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Hearing Aid Wearers Have Headset Options

2/9/2017 - 0 Comments
The brands that we sell provide professional-grade, high quality headsets for every user and situation. For those tasked with purchasing headsets for hearing aid users, we have put together a list of options by manufacturer. Please note that the headsets listed below end in quick disconnect and require a bottom cable as well. We recommend the purchase of an amplifier, rather than a QD cord, to boost the headset's performance.


New to the scene is the SC 660 TC, the latest addition to Sennheiser’s high quality Century wired headset series. The SC 660 TC is compatible with all standard, telecoil-equipped hearing aids.

With Sennheiser Voice Clarity wideband sound and its ultra noise cancelling microphone, the SC 660 TC delivers a superior and natural voice experience that makes conversations crisp and crystal clear – optimizing speech intelligibility even in noisy contact center and office environments. In addition to the speaker, SC 660 TC is equipped with a hearing aid-compatible telecoil transmitter on both sides of the headset, resulting in a richer sound experience and offering the user the greater flexibility of a double-sided solution. The transmitters send a magnetic field that can be picked up directly by the hearing aid, making it easy for users to focus on a conversation. The headset features Sennheiser ActiveGard technology that protects users from acoustic shock and sudden sound bursts. MSRP is $349.95.

The Sennheiser UI 770 amplifier is the companion piece that we recommend. The Sennheiser UI 770 allows you to switch between the headset, handset and PC, adjust the volume of the headset speaker and mute the headset microphone. Its automatic power save function provides outstanding battery lifetime of up to 1 year. A "C" battery is included in the box. MSRP is $120.00.


The GN2125 Telecoil headset is the solution for hearing aid users, who gain the benefits and increased work efficiencies associated with headsets.

Especially designed for people who use hearing aids, the Jabra GN2125 Telecoil is equipped with a hearing aid-compatible telecoil that is fitted to the plain side of the earpiece. The telecoil cancels out surrounding background sound while heightening the sound quality from the telephone. This gives hearing aid users clearer, crisper phone conversation that is free from interference from background noise. It features a noise-cancelling microphone to eliminate ambient noise. MSRP is $225.00.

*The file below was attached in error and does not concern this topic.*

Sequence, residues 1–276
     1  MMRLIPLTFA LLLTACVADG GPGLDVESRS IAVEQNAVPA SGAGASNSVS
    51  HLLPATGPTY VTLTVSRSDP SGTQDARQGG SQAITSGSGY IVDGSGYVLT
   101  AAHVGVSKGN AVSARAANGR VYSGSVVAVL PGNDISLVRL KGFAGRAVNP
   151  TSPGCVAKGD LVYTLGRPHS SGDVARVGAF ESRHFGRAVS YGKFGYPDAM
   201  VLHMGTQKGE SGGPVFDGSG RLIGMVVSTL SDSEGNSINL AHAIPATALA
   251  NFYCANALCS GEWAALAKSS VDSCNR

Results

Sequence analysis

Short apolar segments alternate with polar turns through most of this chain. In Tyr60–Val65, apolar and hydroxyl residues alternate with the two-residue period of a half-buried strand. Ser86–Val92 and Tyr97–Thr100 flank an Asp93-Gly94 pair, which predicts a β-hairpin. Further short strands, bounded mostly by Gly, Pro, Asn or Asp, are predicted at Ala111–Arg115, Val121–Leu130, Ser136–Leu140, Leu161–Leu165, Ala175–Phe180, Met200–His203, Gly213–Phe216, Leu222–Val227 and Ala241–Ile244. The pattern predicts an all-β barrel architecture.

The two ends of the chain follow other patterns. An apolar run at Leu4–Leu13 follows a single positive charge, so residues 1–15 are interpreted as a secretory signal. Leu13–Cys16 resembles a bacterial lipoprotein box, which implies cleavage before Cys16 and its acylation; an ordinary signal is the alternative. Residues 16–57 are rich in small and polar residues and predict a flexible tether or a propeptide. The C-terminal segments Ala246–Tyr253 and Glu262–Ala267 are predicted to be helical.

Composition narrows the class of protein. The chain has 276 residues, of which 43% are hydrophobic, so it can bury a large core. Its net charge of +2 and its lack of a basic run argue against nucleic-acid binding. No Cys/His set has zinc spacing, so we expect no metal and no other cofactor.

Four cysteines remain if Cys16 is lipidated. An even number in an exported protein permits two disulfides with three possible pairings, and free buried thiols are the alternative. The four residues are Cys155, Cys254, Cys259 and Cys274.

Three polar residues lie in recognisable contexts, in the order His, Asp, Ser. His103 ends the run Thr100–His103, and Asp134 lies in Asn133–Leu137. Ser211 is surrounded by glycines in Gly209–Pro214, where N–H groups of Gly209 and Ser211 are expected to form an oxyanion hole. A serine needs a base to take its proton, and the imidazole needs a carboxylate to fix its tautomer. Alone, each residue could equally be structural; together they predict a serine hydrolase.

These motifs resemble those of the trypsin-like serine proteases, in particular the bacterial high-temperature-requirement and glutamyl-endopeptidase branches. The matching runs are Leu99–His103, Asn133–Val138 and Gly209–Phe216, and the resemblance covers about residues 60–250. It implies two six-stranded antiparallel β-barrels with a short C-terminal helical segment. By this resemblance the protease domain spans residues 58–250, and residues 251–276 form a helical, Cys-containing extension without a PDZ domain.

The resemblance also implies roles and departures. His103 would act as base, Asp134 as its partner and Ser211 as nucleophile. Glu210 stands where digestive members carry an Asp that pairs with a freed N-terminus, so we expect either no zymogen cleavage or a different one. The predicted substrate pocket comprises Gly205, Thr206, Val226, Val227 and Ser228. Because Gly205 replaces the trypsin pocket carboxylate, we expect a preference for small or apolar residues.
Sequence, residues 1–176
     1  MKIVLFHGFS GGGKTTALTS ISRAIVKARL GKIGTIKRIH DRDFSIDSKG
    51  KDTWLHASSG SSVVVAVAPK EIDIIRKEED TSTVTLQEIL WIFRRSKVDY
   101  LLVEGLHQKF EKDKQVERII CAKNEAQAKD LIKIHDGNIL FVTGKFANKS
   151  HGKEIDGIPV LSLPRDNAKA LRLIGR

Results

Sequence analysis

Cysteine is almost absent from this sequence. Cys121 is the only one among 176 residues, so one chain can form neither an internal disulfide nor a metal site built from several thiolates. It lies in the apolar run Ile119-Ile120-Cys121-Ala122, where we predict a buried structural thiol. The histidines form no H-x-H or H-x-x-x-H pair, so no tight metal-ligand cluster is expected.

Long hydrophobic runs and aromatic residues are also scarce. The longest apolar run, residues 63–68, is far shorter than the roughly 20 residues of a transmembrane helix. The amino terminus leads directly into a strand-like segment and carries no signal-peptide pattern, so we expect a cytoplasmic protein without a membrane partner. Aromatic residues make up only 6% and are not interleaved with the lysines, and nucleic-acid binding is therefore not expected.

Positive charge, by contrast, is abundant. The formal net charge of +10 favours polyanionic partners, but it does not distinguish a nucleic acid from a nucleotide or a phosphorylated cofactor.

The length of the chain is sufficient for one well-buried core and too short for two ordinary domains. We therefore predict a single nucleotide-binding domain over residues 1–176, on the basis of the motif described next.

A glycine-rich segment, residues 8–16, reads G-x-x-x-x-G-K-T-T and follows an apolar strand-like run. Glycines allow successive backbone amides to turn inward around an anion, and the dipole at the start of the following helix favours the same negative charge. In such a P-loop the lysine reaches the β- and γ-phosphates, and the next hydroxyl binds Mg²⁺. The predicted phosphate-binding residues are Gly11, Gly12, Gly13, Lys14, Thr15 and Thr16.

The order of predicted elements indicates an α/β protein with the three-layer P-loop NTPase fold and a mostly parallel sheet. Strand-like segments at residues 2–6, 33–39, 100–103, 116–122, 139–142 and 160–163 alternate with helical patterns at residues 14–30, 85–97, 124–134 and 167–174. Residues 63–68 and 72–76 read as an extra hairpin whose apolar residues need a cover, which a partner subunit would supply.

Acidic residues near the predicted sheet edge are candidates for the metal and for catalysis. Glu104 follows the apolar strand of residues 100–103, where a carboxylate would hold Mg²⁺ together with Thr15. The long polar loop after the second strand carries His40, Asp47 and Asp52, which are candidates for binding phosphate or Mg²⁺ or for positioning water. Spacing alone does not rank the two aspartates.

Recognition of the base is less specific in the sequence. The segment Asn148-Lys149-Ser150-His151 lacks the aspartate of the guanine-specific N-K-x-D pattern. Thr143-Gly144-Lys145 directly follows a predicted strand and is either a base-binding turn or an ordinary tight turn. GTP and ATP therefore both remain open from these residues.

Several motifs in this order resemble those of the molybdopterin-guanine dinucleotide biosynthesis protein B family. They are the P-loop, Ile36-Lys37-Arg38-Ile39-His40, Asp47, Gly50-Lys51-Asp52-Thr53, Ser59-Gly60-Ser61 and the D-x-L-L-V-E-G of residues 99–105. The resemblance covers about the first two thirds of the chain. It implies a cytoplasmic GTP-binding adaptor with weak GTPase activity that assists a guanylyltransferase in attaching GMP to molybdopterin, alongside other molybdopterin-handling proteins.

The Jabra Link 860 amplifier features Digital Signal Processing, which sets the input signal to a certain level and makes sure the audio is not too loud. If the input signal is too high (the volume of the telephone is too loud), distortion may result. To resolve this issue, lower the volume of the phone to a medium level, and then use the Link 850/860 to raise the volume. MSRP is $135.00.


SupraPlus 261H is a Telecoil hearing-aid compatible headset. The SupraPlus series is a staple in the contact center world, and features a comfortable, adjustable headband for all-day wearing. The headset has a voice tube microphone. MSRP is $148.00.

The Plantronics Vista M22 amplifier works with the headset to provide the best possible sound. The amplifier has loud noise protection, advanced echo management, and background noise reduction. Two AA batteries are included. MSRP is $120.00.

If you're not quite sure what you need, reach out to us at 1.866.998.9991 for help. We're here to help you choose the best headset for your unique environment!


Office Etiquette You Need to Know

1/30/2017 - 0 Comments
A new job can be fraught with anxiety as each office has new people, new expectations and a chance to make a great first impression that stays with you throughout your tenure at the organization. And we're not even referring to the actual job tasks, which can bring more anxiety as you work to meet the expectations laid out before you. No pressure, right?!

A professional office or contact center environment can be one of the best places to work, if you play the game. And, while each environment varies, there are some tried and true etiquette rules that you must remember. Here's what made our short list:

    1. Cutting fingernails at your desk is a definite no.
    2. Loud conversations on the phone or with co-workers is distracting to others not a part of the conversations. If you often find yourself unable to tune out those ambient noises, you might want to invest in a good headset with active noise cancellation. Read our blog post with recommendations for some great ANC headset options.
    3. Sharing too much personal information may cause your co-workers to feel uncomfortable. Save those discussions for after hours.